1.3 As growing numbers of sociologists are conducting interspecies-related research (e.g. Arluke & Sanders 1996; Franklin 1999; Sanders 1999; Nibert 2002; Irvine 2004; Brandt 2004; Arluke 2006; Twine 2010; Wilkie 2010; Cudworth 2011; Hamilton & Taylor 2012; Morris 2012; Peggs 2012; Jerolmack 2013) professional sociological associations have responded to this development by setting up specialist research groups. The American Sociological Association set up the Animals and Society Section in 2002, and four years later, the British Sociological Association established the Animal/Human Studies Group. Despite these institutional developments and trends the perpetuation of such study groups is thought to lie with 'graduate students who have the courage to challenge the field's (i.e. sociology's) outdated ideas about animals' (Irvine 2012: s127). Since animal studies have been described as 'boutique' sociology (Arluke 2002: 370), and some sociologists have 'experienced responses that range from amusement to derision' (Kruse 2002: 377) with reference to the mixed-species focus of their research, this highlights the ambiguous status of nonhuman animals and HAS scholars within sociology, and the politicised nature of interspecies scholarship (e.g. Jerolmack 2005; Best 2009). Although some sociologists enthusiastically engage with mixed-species relations, to study nonhuman animals in what has largely been a human-centric discipline also has the potential to tarnish the academic status of those engaged in such scholarship (Wilkie 2013).

1.4 Contemporary sociology has clearly responded to the 'animal turn', but its response has been somewhat slower than cognate disciplines (Armstrong & Simmons 2007: 1). In the words of Nik Taylor, a human-animal sociologist herself, 'The humanities have been slow to catch up with many other disciplines such as ethology in seeing animals differently … and arguably the social sciences – particularly sociology – are even further behind' (2012: 44).  That said, other species are registering on sociology's radar and more sociologists are attracted to and participating in human-animal scholarship. As groundbreaking scholars animalise their sociological imaginations a recurring field-forming narrative has materialised within animal sociology to explain why nonhuman animals, and interspecies relations, have not been studied sociologically. The social theorist who has most often been singled out for this disciplinary oversight is George Herbert Mead; since Mead's 'interpretation of humans as profoundly distinct from other animals seems to be accepted as the origin of the fundamental division between humans and other animals in sociology' (Peggs 2012: 6) we will now consider in more depth the case against Mead's work, and follow it by a somewhat different reading of his texts.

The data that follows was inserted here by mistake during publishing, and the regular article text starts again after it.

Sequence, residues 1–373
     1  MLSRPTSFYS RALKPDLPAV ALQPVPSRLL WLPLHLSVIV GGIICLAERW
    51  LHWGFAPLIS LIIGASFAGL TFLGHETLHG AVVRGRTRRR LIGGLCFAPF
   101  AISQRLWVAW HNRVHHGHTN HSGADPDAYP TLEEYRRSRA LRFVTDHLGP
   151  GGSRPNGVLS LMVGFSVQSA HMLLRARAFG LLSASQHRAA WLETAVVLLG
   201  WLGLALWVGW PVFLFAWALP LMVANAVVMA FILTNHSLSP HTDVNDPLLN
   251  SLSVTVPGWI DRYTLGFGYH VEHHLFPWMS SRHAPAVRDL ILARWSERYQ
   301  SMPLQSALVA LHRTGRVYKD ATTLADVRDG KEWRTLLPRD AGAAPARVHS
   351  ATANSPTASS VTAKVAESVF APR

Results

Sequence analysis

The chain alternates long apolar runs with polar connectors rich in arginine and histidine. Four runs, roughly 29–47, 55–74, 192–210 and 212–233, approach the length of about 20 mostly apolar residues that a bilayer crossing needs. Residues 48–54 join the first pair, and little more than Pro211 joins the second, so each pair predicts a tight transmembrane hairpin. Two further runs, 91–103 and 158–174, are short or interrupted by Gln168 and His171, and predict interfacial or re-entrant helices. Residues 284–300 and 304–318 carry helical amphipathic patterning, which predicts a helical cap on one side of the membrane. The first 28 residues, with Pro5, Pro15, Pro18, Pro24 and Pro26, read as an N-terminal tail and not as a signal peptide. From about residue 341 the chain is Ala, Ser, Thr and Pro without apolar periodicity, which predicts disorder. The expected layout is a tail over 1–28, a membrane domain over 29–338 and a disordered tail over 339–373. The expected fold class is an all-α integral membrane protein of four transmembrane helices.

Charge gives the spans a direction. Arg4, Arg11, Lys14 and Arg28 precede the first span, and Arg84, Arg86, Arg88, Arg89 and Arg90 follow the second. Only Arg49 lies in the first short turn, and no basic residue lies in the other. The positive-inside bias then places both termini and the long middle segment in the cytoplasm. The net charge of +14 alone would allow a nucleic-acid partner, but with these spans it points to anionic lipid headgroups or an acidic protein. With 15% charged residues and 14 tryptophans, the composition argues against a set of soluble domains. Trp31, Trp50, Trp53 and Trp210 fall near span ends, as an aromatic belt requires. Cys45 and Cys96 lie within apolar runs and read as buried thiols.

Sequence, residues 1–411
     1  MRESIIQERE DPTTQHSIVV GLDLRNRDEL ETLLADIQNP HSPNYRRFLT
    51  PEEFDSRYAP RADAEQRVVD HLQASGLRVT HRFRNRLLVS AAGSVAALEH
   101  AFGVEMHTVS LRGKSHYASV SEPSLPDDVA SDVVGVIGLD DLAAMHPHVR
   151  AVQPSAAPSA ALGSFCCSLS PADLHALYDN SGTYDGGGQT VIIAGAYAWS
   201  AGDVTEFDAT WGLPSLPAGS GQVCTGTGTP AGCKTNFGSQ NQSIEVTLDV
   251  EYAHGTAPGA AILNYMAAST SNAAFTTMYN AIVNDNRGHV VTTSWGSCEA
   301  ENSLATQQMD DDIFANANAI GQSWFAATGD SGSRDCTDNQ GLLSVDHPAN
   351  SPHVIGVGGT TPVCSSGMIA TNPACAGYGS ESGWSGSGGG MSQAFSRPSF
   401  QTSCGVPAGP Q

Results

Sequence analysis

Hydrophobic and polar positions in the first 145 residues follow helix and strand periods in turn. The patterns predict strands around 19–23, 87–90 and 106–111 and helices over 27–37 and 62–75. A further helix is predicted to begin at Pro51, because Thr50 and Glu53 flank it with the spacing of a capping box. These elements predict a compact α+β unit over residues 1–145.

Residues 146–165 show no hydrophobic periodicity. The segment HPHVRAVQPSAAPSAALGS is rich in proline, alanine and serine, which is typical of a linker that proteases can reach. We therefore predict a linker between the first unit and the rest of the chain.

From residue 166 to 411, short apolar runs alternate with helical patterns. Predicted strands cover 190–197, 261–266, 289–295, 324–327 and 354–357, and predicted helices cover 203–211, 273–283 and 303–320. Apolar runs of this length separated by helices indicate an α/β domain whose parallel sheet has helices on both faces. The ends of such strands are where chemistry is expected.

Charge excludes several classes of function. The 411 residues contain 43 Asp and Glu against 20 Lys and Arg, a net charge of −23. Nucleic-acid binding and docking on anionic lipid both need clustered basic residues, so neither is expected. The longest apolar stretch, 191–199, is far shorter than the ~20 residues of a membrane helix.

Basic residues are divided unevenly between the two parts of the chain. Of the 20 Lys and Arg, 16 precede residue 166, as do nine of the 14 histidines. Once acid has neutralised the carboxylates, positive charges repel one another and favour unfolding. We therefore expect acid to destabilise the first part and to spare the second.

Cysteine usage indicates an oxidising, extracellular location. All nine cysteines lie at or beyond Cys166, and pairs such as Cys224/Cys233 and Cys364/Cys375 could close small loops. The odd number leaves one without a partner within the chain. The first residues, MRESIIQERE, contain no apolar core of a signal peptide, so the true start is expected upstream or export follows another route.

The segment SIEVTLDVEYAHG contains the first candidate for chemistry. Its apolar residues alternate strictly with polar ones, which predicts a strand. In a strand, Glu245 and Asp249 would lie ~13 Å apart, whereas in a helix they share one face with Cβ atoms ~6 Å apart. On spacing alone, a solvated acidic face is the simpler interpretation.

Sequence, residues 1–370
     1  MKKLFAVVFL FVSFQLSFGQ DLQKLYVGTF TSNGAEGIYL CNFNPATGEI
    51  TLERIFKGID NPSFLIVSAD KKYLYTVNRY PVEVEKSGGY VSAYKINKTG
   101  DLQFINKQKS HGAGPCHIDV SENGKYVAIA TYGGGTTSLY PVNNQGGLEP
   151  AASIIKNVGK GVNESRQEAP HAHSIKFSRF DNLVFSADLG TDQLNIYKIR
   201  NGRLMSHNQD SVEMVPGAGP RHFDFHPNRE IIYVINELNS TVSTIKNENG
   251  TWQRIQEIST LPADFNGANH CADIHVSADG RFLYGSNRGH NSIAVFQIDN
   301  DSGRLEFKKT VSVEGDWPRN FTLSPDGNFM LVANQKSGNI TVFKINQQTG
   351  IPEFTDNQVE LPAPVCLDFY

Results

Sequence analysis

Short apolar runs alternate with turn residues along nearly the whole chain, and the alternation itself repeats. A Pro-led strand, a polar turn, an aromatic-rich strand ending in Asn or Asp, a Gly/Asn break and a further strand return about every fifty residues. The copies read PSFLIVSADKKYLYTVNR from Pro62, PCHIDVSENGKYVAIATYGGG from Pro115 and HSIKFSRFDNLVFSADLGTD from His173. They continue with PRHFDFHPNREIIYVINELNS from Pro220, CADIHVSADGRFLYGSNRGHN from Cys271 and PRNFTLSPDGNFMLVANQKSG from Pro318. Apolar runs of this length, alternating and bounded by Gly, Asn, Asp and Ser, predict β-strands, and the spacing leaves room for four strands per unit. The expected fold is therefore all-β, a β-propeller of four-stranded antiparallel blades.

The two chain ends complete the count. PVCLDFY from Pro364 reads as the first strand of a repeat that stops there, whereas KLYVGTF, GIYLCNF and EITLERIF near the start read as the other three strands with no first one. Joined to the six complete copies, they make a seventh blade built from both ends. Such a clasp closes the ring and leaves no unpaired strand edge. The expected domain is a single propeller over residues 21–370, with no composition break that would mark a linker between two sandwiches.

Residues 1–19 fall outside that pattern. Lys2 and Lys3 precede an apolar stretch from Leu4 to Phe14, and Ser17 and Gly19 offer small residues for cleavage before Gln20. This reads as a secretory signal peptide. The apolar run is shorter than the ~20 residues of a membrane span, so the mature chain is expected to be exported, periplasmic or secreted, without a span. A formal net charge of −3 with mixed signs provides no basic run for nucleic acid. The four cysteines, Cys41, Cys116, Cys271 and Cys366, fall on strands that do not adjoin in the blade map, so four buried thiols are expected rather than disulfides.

A critical reading of Mead by human–animal sociologists

2.1 The common reading of Mead as a 'symbolic interactionist' may be both anachronistic and an oversimplification of his work, but it has nonetheless been a productive misreading (Bloom 1973). Similarly, because pioneering animal sociologists have been critical of Mead's apparent prioritisation of verbal language, their human-centric reading of Mead would inspire important empirical and theoretical innovation (e.g. Sanders 1993, 1999; Alger & Alger 1997, 2003; Irvine 2003, 2004). Animal sociologists often argue that since Mead elevated the spoken word above all other forms of communication (a point to which we shall return at length later), he asserted human exceptionalism (Alger & Alger 1997). By separating human-human interaction from all other species, Mead thereby bolstered 'the conventional sociological belief that "authentic" interaction is premised on the abilities of social actors to employ conventional linguistic symbols' (Sanders 1993: 205–206). Since animals do not converse as people do, the nature and significance of mixed-species relations ought to be of minimal interest to sociologists. Given this disciplinary backdrop, Sanders argues that Mead's view of animals